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The Most Basic Git Command List

I use Git every day, but many commands still can't be kept in my mind.

In general, you just need to remember the following 6 commands for the daily use. However, in order to be sure you're comfortable using Git, you should remember 60 to 100 commands.

I'll introduce a list of the commonly used Git commands in this article. Here are some of the most important terms.

  • Workspace
  • Index / Stage
  • Repository
  • Remote

1. Create a New Repository

# Create a new Git repository in the current directory.
$ git init

# Create a new directory and initialize it to the Git repository.
$ git init [project-name]

# Download a project and its entire code history.
$ git clone [url]

2. Configuration

The setting file for Git is .gitconfig, which can be placed under the user's home directory (global configuration) or under the project directory (project configuration).

# Display the current Git configuration.
$ git config --list

# Edit Git Configuration File.
$ git config -e [--global]

# Set the user information when submitting code.
$ git config [--global] user.name "[name]"
$ git config [--global] user.email "[email address]"

3. Add/Delete Files

# Add the specified file to the Index.
$ git add [file1] [file2] ...

# Add the specified directory to the Index, including subdirectories.
$ git add [dir]

# Add all the files in the current directory to the Index.
$ git add .

# Being asked to confirm it before adding every change.
# For multiple changes to the same file, split submission is supported.
$ git add -p

# Delete the files in the Workspace and put this deletion into the Index.
$ git rm [file1] [file2] ...

# Stop tracking the specified file, but the file will be remained in the Workspace.
$ git rm --cached [file]

# Rename the file and put the renamed name into the Index.
$ git mv [file-original] [file-renamed]

4. Code Submission

# Submit the code from the Index to the Repository.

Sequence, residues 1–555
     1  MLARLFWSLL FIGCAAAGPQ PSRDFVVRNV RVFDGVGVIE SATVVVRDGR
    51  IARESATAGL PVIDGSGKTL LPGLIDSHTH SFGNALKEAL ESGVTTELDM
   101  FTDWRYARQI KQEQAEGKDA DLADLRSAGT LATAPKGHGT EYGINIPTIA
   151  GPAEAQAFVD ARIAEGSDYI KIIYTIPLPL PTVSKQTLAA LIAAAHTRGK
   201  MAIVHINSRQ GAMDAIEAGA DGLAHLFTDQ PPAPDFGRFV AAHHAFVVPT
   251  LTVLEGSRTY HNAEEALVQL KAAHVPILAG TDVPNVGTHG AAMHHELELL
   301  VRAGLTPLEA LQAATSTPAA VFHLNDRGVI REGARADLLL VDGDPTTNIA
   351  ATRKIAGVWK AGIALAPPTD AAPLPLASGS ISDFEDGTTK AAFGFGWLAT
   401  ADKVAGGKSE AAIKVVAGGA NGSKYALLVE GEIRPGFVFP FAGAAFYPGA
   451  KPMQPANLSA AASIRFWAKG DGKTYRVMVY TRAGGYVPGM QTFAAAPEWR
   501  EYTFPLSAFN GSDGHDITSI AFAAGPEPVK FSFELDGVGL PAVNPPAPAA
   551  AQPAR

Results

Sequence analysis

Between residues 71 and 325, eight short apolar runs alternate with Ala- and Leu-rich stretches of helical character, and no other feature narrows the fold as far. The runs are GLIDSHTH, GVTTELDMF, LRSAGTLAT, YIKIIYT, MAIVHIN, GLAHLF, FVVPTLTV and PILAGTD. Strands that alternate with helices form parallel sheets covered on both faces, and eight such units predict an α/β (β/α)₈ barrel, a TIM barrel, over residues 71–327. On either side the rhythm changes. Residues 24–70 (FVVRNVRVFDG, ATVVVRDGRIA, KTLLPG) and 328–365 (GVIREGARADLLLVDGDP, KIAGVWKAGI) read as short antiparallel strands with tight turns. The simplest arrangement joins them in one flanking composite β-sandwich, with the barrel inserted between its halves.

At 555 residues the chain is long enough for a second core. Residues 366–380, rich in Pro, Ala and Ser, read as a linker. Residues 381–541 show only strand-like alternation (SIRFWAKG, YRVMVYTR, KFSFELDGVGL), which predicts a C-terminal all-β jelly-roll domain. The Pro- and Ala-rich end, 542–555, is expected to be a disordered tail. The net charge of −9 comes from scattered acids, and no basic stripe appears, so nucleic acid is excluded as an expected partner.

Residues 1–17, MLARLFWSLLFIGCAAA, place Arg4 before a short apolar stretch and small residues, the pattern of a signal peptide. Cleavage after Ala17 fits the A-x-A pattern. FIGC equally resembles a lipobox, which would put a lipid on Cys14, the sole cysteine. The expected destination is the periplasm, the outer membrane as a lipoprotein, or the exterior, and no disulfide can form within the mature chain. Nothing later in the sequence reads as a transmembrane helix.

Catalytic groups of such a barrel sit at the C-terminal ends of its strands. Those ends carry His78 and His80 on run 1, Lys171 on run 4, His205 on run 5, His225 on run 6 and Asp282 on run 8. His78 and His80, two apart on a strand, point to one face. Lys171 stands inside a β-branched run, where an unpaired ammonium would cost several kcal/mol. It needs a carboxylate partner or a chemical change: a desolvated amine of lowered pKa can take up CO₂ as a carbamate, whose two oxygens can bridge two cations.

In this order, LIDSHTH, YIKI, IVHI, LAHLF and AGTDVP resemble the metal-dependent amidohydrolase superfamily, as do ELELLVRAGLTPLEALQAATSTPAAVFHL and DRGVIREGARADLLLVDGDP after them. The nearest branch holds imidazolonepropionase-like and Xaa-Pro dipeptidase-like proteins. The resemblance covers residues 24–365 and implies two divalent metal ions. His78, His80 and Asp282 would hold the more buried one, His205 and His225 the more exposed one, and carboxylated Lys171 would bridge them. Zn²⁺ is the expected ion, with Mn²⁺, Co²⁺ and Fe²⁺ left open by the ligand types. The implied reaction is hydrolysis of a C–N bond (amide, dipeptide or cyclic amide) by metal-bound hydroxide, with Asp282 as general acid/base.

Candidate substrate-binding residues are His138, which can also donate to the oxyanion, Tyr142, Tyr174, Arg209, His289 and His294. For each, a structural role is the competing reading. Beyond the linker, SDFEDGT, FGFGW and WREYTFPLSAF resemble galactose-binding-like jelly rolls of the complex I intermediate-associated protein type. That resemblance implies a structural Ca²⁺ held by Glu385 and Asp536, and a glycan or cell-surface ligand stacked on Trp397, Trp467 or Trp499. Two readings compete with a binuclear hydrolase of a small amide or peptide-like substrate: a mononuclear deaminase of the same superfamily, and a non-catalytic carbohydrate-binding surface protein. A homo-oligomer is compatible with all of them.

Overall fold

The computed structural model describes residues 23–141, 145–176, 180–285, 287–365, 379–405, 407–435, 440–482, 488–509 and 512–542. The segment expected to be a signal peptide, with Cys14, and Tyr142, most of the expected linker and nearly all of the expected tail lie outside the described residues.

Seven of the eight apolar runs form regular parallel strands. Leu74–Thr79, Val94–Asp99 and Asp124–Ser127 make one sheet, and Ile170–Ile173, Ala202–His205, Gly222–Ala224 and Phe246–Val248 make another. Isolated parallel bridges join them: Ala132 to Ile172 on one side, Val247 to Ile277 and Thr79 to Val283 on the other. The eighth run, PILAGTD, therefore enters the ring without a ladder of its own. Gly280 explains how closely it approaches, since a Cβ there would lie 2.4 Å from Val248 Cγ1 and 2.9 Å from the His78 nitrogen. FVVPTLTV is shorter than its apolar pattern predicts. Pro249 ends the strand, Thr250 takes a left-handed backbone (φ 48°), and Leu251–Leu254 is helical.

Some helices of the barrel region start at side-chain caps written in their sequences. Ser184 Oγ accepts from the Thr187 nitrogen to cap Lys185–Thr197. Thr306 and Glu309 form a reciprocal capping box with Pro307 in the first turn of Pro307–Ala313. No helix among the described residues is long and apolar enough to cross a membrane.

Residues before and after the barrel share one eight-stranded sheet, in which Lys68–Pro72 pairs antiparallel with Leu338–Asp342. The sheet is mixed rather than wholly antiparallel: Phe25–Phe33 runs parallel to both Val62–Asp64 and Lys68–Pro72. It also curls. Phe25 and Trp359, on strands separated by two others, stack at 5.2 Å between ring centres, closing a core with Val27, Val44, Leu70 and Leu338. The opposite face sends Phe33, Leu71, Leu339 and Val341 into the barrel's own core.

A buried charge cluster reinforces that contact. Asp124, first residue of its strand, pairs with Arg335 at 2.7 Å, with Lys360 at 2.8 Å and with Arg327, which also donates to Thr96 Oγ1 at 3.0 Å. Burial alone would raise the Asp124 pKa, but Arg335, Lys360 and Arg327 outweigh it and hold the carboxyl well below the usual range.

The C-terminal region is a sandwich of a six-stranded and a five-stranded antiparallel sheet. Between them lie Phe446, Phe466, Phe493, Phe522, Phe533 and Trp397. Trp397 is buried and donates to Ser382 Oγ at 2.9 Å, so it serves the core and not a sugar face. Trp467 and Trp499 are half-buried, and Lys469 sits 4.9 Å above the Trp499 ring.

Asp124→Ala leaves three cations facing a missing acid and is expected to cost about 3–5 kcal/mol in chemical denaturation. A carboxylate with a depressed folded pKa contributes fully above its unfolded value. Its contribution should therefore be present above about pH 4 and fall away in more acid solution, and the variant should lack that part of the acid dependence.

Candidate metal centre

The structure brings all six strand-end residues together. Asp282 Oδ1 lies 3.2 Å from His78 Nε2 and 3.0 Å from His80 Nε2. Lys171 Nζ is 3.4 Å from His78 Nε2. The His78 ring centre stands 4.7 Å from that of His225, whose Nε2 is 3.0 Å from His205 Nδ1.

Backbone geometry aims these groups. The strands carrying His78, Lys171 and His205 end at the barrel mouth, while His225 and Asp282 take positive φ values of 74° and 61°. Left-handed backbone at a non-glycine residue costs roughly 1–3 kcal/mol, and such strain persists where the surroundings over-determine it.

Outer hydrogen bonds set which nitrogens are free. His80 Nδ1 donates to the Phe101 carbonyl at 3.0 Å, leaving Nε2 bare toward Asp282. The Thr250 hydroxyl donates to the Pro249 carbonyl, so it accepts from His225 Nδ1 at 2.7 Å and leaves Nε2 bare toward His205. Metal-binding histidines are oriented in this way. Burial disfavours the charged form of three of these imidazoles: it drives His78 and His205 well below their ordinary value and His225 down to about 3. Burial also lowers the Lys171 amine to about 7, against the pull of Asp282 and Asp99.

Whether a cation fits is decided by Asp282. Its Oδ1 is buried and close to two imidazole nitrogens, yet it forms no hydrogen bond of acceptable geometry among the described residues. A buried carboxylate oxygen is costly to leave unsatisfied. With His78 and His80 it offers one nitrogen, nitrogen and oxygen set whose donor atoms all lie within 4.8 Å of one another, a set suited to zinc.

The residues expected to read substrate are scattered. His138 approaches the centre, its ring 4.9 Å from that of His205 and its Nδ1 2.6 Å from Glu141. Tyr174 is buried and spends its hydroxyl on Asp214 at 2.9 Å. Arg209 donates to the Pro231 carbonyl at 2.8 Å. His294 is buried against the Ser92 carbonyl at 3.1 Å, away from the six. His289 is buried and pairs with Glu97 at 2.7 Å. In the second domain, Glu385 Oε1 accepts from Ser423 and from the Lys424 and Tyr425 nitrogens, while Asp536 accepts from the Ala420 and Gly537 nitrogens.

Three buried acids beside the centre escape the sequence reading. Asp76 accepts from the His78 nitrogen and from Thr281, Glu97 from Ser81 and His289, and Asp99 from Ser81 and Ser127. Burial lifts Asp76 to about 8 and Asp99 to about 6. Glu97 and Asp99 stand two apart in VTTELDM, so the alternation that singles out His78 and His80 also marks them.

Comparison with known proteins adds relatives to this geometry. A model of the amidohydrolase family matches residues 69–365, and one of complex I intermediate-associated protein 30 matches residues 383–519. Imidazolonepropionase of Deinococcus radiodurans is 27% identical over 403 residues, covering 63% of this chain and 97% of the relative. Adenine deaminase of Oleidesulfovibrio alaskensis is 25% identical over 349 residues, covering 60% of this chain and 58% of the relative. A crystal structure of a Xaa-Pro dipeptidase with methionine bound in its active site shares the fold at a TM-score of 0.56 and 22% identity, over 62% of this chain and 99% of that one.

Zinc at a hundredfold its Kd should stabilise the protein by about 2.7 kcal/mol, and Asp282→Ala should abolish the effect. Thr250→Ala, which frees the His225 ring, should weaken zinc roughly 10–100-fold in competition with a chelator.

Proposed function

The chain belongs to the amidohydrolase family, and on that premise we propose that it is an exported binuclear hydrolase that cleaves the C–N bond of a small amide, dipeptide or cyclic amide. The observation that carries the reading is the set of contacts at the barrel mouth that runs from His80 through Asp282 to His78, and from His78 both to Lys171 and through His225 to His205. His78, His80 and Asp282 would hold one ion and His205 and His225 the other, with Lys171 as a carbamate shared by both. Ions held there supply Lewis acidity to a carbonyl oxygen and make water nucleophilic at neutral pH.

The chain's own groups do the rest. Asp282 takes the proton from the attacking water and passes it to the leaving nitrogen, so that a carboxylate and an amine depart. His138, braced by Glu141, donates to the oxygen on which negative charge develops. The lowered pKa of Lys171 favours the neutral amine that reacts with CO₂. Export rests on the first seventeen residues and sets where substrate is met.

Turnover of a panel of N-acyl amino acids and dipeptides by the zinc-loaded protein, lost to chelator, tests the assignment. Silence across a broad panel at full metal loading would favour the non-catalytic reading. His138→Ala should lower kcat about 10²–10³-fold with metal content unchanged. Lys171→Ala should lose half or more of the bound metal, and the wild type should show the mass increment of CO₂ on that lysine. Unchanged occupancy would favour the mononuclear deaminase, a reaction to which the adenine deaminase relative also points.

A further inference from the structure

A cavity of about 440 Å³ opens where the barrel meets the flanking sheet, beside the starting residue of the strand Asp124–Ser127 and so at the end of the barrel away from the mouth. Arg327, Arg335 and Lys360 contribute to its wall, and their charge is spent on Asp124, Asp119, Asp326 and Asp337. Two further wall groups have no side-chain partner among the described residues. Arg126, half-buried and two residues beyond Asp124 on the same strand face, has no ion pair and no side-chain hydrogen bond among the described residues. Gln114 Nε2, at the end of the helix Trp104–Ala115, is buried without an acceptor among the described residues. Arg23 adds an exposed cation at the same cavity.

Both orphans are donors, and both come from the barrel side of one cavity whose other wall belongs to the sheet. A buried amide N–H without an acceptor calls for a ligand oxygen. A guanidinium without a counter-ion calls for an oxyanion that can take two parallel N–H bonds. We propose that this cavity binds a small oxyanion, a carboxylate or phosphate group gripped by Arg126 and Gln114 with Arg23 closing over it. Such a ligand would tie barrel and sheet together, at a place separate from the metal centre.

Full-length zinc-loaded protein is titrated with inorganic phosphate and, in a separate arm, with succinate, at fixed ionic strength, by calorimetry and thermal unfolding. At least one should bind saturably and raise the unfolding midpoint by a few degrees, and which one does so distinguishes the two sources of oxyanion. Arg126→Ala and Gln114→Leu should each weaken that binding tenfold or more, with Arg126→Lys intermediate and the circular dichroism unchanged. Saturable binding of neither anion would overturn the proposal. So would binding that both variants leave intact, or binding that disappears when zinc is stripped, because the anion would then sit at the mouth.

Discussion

$ git commit -m [message]

# Submit the specified file from the Index to the Repository.
$ git commit [file1] [file2] ... -m [message]

# Submit the changes in the Workspace since the last commit, to the Repository directly.
$ git commit -a

# Display all diff information when submitting.
$ git commit -v

# Use a new commit to take the place of the last commit.
# If the code doesn't have any new changes, it will be used to rewrite the commit information of the last commit.
$ git commit --amend -m [message]

# Redo the last commit, including the new changes to the specified file.
$ git commit --amend [file1] [file2] ...

5. Branch

# List all local branches.
$ git branch

# List all remote branches.
$ git branch -r

# List all local branches and remote branches.
$ git branch -a

# Create a new branch, but still stay in the current branch.
$ git branch [branch-name]

# Create a new branch and switch to the branch.
$ git checkout -b [branch]

# Create a new branch, pointing to the specified commit.
$ git branch [branch] [commit]

# Create a new branch to establish a tracking relationship with the specified remote branch.
$ git branch --track [branch] [remote-branch]

# Switch to the specified branch and update the workspace.
$ git checkout [branch-name]

# Switch to the previous branch.
$ git checkout -

# Establish a tracking relationship between the existing branch and the specified remote branch
$ git branch --set-upstream [branch] [remote-branch]

# merge the specified branch to the current branch.
$ git merge [branch]

# Select a commit to be merged into the current branch.
$ git cherry-pick [commit]

# Delete the branch.
$ git branch -d [branch-name]

# Delete the remote branch.
$ git push origin --delete [branch-name]
$ git branch -dr [remote/branch]

6. Tag

# List all tags.
$ git tag

# Create a new tag in the current commit.
$ git tag [tag]

# Create a new tag in the specified commit.
$ git tag [tag] [commit]

# Delete the local tag.
$ git tag -d [tag]

# Delete the remote tag.